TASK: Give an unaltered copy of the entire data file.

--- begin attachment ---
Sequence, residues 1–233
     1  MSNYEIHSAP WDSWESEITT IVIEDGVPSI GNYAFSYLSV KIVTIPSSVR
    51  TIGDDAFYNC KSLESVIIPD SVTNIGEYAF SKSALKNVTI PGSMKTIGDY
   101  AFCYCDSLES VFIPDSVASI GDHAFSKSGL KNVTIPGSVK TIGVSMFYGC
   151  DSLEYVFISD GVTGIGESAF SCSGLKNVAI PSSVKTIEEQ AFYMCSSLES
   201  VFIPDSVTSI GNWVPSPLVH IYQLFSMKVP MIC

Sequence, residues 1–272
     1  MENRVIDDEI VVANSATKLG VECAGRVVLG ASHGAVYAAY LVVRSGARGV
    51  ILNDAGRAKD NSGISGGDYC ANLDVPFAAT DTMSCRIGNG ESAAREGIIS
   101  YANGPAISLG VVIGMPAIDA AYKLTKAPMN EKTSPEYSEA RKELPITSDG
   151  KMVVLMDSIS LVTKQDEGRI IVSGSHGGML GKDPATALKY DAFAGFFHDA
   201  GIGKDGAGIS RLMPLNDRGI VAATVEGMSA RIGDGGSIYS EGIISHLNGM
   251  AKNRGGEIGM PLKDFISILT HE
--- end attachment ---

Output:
Sequence, residues 1–233
     1  MSNYEIHSAP WDSWESEITT IVIEDGVPSI GNYAFSYLSV KIVTIPSSVR
    51  TIGDDAFYNC KSLESVIIPD SVTNIGEYAF SKSALKNVTI PGSMKTIGDY
   101  AFCYCDSLES VFIPDSVASI GDHAFSKSGL KNVTIPGSVK TIGVSMFYGC
   151  DSLEYVFISD GVTGIGESAF SCSGLKNVAI PSSVKTIEEQ AFYMCSSLES
   201  VFIPDSVTSI GNWVPSPLVH IYQLFSMKVP MIC

Sequence, residues 1–272
     1  MENRVIDDEI VVANSATKLG VECAGRVVLG ASHGAVYAAY LVVRSGARGV
    51  ILNDAGRAKD NSGISGGDYC ANLDVPFAAT DTMSCRIGNG ESAAREGIIS
   101  YANGPAISLG VVIGMPAIDA AYKLTKAPMN EKTSPEYSEA RKELPITSDG
   151  KMVVLMDSIS LVTKQDEGRI IVSGSHGGML GKDPATALKY DAFAGFFHDA
   201  GIGKDGAGIS RLMPLNDRGI VAATVEGMSA RIGDGGSIYS EGIISHLNGM
   251  AKNRGGEIGM PLKDFISILT HE